About this book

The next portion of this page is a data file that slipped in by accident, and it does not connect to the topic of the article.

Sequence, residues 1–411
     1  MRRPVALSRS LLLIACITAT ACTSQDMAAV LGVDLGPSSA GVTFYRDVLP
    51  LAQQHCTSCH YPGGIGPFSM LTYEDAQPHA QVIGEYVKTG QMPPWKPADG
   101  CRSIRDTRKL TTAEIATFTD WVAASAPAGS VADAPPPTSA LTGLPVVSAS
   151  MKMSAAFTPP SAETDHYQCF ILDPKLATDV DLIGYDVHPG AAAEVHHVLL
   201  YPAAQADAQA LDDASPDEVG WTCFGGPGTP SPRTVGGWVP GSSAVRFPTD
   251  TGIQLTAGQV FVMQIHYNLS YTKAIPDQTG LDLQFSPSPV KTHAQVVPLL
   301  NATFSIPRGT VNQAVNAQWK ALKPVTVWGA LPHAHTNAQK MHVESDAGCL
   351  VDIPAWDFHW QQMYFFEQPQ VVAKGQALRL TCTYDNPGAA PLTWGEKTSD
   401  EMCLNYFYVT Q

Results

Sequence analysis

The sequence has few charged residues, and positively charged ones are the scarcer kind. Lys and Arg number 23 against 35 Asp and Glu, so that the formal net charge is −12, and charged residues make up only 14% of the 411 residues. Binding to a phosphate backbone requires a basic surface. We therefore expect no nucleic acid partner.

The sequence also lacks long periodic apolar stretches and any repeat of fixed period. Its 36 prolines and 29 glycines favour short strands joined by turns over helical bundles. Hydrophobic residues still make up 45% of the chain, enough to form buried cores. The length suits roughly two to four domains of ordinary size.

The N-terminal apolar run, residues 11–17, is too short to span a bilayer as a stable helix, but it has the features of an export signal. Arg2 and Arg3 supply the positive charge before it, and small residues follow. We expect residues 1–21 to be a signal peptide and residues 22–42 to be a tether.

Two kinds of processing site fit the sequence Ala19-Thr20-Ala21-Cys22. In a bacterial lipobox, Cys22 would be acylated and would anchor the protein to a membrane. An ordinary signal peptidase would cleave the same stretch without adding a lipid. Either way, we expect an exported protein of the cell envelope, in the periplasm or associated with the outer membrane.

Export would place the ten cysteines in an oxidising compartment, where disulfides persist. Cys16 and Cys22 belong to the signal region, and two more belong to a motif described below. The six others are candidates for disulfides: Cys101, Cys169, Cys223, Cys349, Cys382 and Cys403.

A year or so after Dr. Robert Popovieh arrived in Seattle in 1965 to begin working on his doctoral thesis under Dr. A.L. Babb, we had just begun work to try to prove the prediction that the peritoneum had a higher permeability to 'middle molecules' than hemodialysis membranes [I]. Several years later, when Dr. Popovieh accepted a position at the University of Texas in Austin, he decided to concentrate his research efforts in the area of peritoneal dialysis and everyone knows how successful that effort has become . Indeed, because of continuous ambulatory peritoneal dialysis (CAPD), long-term per itoneal dialysis after a two-decade incubation period is finally becoming an equal option to hemodialysis and transplantation in the management of chronic renal failure. For me this development represents final vindication of a twenty-year effort to help promote peritoneal dialysis, often in the face of enormaus opposition. I particularly remember a policy meeting at the NIH a few years back in which it was decided by my colleagues on the committee that long term peritoneal dialysis had no future and therefore no funds for projects in this area would be forthcoming. Based on the excellent results that Boen and later Tenckhoff had been getting in our Seattle program, I knew the committee was wrong and tried to convince them otherwise. Naturally, being the only favorable vote, I failed. I often wonder how many years this decision and others like it set back peritoneal dialysis.